Baltimore Police Officers Indicted For Freddie Gray Death Plead Not Guilty

The in-custody death of Baltimore resident Freddie Gray has triggered protests across the city, as onlookers and investigators question whether police brutality had a role in the young man’s demise. Shortly after the incident, which took place in April, Baltimore City State’s Attorney Marilyn J. Mosby conducted an investigation that ultimately led to the indictment of six Baltimore police officers involved in Gray’s arrest, who now face charges ranging from second-degree depraved-heart murder to reckless endangerment and involuntary manslaughter.

Mosby’s office issued a statement on June 30, stating that all six officers have entered pleas of not guilty. A pretial motions hearing is scheduled to take place on September 2, and the trial is slated for October 13, 2015.

Baltimore officers enter not guilty pleas, await trial in October

According to a report from the Baltimore Sun, a medical examiner determined that Freddie Gray suffered a “high-energy injury,” presumably caused when the police van he was placed in braked abruptly. Gray, who had a prior history of drug-related arrests, was detained on April 12, in a high-crime area of Baltimore after officers say that he unexpectedly fled after making eye contact. None of the defendants admit to using excessive force during the arrest, but Gray died of severe spinal cord injuries just seven days after being placed in a police van.

After a short chase on foot, Gray surrendered to the police, and while lying prone and handcuffed on the ground asked for medical assistance claiming he could not breathe. Mosby says that medical attention was not provided by the officers at the time. Eyewitnesses and camera footage obtained from bystanders confirms that Gray was able-bodied when he was dragged into the van, which made several stops en route to the station. When Gray was taken out of the van, he was completely unresponsive.

Mosby says that Officer Caesar Goodson, who was driving the police van, first stopped on Baker Street, where the 25-year-old Gray was taken out of the van by the three officers who had arrested him. At that time, Mosby says the police put leg shackles on his ankles and flex cuffs on his wrists and completed paperwork before returning Gray to the van, with his stomach on the floor.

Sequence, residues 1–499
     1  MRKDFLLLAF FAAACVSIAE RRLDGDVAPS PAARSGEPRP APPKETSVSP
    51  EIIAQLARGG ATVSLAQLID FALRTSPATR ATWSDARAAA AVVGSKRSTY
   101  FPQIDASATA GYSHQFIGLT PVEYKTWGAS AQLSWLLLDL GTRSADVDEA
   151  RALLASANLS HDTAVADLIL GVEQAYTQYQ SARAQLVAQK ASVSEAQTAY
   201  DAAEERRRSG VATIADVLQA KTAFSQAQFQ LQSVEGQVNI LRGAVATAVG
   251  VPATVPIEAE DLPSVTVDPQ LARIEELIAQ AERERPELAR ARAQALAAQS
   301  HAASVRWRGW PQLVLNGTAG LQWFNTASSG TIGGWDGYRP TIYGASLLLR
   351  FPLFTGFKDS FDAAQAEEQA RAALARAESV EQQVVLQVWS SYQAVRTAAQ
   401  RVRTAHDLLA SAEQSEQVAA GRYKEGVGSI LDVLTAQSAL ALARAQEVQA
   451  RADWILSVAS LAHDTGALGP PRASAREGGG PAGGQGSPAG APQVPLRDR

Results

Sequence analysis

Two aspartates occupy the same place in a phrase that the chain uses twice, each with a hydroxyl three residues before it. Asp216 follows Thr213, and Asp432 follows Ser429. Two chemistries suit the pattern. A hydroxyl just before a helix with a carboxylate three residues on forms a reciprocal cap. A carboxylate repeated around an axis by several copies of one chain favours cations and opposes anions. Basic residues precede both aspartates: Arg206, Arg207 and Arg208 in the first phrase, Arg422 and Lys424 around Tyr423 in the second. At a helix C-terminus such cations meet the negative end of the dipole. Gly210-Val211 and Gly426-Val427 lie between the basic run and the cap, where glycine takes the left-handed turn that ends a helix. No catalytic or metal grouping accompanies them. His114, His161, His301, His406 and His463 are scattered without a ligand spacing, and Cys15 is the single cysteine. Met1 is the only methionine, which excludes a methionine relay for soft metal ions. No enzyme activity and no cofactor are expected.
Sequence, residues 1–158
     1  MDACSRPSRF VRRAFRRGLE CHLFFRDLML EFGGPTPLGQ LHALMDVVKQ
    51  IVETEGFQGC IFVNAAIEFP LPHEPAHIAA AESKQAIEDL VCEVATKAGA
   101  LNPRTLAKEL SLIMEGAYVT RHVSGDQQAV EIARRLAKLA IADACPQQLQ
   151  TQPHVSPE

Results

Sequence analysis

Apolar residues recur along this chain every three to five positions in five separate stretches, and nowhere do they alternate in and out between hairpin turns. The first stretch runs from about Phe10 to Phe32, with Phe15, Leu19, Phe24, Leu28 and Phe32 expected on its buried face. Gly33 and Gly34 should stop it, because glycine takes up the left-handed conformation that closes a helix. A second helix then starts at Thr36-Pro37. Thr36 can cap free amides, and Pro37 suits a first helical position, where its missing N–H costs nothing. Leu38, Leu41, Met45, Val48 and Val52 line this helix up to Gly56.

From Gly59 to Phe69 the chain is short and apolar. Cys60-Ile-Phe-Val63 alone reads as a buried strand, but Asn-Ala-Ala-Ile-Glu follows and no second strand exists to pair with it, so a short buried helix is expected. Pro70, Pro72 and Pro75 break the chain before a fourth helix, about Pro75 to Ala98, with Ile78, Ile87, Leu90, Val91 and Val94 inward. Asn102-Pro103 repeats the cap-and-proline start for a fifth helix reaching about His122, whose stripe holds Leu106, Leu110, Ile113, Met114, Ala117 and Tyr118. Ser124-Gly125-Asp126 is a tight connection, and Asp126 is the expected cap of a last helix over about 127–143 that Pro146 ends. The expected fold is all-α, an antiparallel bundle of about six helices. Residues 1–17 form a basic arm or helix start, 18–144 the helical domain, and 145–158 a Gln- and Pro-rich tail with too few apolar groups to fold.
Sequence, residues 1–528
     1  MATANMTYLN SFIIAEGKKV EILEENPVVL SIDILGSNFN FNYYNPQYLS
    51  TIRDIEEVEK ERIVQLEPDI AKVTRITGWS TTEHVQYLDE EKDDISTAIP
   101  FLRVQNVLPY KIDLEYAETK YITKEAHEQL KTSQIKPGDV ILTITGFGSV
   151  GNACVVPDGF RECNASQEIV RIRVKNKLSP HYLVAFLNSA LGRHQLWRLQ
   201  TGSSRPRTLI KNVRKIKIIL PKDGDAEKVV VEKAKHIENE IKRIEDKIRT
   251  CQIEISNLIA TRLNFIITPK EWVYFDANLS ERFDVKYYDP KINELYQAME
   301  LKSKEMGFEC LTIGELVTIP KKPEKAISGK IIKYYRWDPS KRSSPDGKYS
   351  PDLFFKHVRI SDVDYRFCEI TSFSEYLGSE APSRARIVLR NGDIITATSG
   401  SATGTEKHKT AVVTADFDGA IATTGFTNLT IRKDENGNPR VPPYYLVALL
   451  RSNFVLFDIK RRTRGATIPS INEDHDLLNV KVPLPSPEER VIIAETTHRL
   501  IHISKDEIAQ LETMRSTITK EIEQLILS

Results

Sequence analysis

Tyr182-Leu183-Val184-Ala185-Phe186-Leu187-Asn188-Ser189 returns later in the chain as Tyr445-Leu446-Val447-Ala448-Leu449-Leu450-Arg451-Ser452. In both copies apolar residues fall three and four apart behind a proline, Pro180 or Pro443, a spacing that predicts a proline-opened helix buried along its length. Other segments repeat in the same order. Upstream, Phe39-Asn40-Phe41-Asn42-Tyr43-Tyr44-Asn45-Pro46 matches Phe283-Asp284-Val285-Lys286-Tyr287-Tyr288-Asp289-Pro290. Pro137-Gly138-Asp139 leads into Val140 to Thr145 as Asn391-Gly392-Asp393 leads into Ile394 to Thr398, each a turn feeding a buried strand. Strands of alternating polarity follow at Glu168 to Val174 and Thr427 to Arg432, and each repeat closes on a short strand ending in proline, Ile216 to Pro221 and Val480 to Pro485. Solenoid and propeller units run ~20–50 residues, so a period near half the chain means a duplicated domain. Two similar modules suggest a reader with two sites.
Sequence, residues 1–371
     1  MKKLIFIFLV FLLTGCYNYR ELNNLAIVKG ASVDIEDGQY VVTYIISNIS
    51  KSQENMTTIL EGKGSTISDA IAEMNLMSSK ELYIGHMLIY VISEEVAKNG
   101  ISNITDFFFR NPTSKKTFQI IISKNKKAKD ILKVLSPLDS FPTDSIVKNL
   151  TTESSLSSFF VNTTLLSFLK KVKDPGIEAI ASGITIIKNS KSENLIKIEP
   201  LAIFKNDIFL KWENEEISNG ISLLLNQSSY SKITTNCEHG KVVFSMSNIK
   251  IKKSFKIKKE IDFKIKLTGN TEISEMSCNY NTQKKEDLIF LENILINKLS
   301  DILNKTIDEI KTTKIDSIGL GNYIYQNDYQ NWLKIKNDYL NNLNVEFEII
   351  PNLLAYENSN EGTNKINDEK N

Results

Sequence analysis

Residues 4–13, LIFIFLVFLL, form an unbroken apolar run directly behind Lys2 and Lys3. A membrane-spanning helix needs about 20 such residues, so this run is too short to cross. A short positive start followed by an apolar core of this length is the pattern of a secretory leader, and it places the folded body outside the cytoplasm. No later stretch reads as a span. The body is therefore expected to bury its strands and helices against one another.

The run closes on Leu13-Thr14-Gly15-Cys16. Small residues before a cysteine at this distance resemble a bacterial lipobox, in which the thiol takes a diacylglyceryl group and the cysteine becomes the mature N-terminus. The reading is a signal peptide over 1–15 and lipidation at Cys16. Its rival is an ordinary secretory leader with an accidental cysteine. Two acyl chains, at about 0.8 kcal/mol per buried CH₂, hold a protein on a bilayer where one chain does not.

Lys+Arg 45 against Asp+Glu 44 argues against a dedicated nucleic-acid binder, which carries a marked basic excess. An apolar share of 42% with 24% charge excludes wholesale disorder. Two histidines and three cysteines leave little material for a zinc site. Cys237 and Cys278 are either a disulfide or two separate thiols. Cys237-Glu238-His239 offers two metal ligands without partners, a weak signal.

Questions remain about the legality of the arrest, since officers say the found a pocket knife on Gray’s person after he was detained. They eventually charged him with possessing a switchblade, which is illegal in Baltimore; Mosby countered that the knife was legal under Maryland state law.

NY police brutality lawyers

As veteran NY police brutality lawyers, The Sanders Firm is closely watching the outcome of this tragic case, which may have bearing on the national debate on brutality and excessive force used by officers of the law. With concrete evidence of how Gray died still undisclosed, many in the Baltimore community still believe he may have been falsely arrested, without probable cause.

When an officer goes too far and steps out of the bounds of their authority through physical abuse, inappropriate force or placing one under false arrest, this is a violation of your civil rights. The Sanders Firm offers free and confidential legal consultations to help determine whether compensation may be sought for serious personal injury or death resulting from police brutality.

To learn more about filing a NYPD misconduct lawsuit, we invite you to call 1-800-FAIR-PLAY. Resources

  1. Fox News, All 6 Baltimore police officers charged in Freddie Gray case plead not guilty, state says
  2. The Baltimore Sun, Six Baltimore Police officers indicted in death of Freddie Gray